Believe me, I understand the need to support your website financially. However, if your business model requires you to bombard us with advertising to the extent outlined, I will just find an outlet with a more efficient business model.

3. Multi-page Content

It’s all about page views and cycling through ads, but if you’re going to make me view 9 pages to read a single article, I can’t bring myself to do it. This is especially true when browsing on my phone (even with 4G speeds). To top it off, I know you’re going to throw in a full-page ad between page 3 and 4, and probably another one just before the climax at page 8.

If you’re going to continue doing multi-page content, at least offer a button that allows me to see the entire article “on one page.”

4. Heavy Multimedia/Flash

This one is very near and dear to my heart, because architectural websites are notorious for excessive Flash, useless animations, indecipherable navigation, and a multitude of other Internet sins. The most obvious and increasingly costly downside to this is simple: you’re locking out anyone with an iPad or iPhone from getting to your website. On this blog, that represents 30% of total traffic on any given day. Can you really afford to lose 30% of the people who try to find out more about your business? If the answer is yes, just please refer them to me.

For the rest of us who can still view your site, multimedia can easily go overboard. Make sure your flashy graphics serve a purpose–either entertaining us, or informing us about what you offer. Your skills in “website design” are unlikely to impress someone looking for a roof replacement or a new doctor. Spend the money (and guide your visitor’s attention) on what matters.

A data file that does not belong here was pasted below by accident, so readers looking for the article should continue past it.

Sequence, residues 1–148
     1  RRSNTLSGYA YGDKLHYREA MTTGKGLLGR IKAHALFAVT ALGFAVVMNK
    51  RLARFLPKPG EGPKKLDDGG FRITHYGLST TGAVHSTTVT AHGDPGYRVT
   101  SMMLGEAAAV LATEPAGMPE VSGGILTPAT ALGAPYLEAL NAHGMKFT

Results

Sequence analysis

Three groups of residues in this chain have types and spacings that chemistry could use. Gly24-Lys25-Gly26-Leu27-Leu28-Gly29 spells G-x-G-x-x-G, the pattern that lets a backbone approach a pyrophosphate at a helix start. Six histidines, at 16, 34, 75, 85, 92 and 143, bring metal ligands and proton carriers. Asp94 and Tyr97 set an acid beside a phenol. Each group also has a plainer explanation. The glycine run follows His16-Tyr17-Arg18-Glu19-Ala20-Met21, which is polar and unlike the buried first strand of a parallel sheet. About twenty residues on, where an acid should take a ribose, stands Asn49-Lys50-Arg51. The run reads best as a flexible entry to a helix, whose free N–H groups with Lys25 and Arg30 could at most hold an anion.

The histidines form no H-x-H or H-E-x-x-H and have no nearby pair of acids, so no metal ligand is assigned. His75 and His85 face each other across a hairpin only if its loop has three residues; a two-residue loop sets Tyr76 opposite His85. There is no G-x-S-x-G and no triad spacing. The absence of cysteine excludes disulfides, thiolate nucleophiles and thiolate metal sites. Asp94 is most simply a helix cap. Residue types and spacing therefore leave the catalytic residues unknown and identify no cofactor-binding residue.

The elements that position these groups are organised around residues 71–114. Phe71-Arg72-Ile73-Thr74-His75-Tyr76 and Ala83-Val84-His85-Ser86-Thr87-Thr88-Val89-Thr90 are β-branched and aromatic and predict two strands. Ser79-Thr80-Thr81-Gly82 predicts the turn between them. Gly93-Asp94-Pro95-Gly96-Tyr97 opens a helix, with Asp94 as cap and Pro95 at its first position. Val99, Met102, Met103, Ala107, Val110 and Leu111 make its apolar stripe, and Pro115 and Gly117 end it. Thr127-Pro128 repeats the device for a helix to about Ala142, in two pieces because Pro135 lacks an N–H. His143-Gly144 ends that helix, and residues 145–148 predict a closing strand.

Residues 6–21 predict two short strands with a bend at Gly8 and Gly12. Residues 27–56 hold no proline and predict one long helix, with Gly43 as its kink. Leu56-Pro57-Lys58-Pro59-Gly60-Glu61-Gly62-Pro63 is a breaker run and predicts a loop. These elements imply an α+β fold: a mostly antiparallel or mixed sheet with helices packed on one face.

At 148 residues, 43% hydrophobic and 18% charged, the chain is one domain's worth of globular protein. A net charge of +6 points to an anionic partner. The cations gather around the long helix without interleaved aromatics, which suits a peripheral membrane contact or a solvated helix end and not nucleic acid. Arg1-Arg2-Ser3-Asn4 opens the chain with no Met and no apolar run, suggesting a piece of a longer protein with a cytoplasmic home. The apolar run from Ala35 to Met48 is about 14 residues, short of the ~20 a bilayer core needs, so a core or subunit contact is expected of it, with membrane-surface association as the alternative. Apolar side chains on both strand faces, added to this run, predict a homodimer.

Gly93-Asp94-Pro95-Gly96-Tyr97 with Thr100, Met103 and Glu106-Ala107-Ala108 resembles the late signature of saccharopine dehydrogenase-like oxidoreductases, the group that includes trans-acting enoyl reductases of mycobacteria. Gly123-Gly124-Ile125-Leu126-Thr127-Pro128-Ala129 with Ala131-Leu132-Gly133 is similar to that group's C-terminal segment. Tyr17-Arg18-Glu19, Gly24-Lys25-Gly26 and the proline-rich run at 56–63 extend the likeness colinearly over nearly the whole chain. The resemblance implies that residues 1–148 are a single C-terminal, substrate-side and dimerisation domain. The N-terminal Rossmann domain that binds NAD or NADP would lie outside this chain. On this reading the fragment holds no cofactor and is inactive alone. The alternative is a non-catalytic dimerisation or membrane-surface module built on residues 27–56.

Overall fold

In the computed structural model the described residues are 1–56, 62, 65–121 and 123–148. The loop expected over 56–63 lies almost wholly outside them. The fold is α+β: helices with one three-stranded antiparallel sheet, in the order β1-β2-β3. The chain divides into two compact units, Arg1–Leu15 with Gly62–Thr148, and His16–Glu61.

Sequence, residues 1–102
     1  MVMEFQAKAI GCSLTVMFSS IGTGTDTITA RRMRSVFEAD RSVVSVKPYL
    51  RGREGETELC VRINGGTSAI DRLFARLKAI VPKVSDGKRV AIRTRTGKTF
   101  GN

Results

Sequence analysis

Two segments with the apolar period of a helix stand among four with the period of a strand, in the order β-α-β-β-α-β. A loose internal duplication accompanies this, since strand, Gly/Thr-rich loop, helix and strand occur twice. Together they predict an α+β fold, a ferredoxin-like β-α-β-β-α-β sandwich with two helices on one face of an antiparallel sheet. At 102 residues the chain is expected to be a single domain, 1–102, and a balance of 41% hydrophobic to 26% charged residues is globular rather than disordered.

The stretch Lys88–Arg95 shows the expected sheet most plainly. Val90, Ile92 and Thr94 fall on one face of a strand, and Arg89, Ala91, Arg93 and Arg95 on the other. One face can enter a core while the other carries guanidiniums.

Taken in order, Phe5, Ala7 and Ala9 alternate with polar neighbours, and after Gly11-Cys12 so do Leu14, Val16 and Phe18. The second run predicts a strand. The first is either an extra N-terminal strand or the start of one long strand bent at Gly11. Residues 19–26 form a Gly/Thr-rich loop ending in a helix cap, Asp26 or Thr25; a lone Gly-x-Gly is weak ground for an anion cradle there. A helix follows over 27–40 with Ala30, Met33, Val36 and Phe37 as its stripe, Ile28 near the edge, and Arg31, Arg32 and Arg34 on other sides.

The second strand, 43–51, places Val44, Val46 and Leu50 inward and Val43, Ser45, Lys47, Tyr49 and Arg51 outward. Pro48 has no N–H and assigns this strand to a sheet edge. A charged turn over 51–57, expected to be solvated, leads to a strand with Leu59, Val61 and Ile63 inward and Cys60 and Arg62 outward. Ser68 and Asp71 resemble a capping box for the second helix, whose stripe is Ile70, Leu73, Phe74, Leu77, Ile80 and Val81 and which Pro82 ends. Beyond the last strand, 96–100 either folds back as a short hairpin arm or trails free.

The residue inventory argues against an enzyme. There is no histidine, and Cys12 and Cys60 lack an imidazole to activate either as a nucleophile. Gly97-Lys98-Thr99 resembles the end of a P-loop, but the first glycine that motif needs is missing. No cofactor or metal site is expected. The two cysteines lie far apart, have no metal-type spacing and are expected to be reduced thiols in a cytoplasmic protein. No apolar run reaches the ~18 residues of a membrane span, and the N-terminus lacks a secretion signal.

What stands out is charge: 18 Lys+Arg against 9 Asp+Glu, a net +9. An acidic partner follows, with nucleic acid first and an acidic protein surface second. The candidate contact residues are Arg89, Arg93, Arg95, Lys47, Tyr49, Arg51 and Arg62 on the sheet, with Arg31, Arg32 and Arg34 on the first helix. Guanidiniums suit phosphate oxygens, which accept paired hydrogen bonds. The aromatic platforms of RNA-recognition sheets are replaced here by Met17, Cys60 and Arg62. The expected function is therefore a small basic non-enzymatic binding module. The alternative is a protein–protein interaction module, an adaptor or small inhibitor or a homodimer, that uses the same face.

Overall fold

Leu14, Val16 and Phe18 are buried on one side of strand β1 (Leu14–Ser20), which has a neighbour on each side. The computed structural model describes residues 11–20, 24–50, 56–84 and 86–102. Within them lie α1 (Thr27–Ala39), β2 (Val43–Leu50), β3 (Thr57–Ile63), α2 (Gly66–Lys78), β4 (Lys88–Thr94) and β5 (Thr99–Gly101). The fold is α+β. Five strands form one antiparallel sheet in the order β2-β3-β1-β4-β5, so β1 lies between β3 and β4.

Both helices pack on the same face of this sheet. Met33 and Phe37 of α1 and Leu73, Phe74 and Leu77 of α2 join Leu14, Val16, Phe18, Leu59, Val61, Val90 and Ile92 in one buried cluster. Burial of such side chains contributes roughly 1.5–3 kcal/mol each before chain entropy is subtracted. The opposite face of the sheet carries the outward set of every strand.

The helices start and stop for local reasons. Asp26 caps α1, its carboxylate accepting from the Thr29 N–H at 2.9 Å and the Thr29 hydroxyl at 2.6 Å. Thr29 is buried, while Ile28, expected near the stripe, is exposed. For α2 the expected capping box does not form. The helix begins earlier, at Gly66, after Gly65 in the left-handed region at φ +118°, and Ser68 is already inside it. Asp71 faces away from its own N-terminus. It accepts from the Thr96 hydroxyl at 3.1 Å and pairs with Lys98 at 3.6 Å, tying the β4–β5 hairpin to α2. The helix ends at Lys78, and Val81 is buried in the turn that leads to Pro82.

5. 1990’s Formatting

Thankfully, it’s a rare treat to find a website that looks like it was formatted in the 90’s, but it still happens. High-contrast colors, flashing banners, overboard visual clutter, 9 fonts and sizes of text, are all slowly on the decline.

Today’s web is sleek, understated, high in quality of graphics and typography, with clear and direct content and purpose. If you want to compete with your contemporaries, your website should do the same.

Today’s Take-Away

Building a high-quality website used to mean tens of thousands of dollars and weeks of man-power to get the text and graphics organized for the “website people.” Today, you can build a website that’s decent and doesn’t detract from your message in under a day, and often for less than $100. Or, you can still hire quality programmers and designers, but for a fraction of what it used to cost only a few years ago. What’s your excuse?

My message is simple–if you show up in jeans and a tee to a black tie party, you won’t be taken seriously. When you show up in today’s market with a terrible website, or don’t show up at all, you can expect the same treatment–from me, and increasingly–from everyone else. The good news is–the fix is completely within your reach!

Photo credit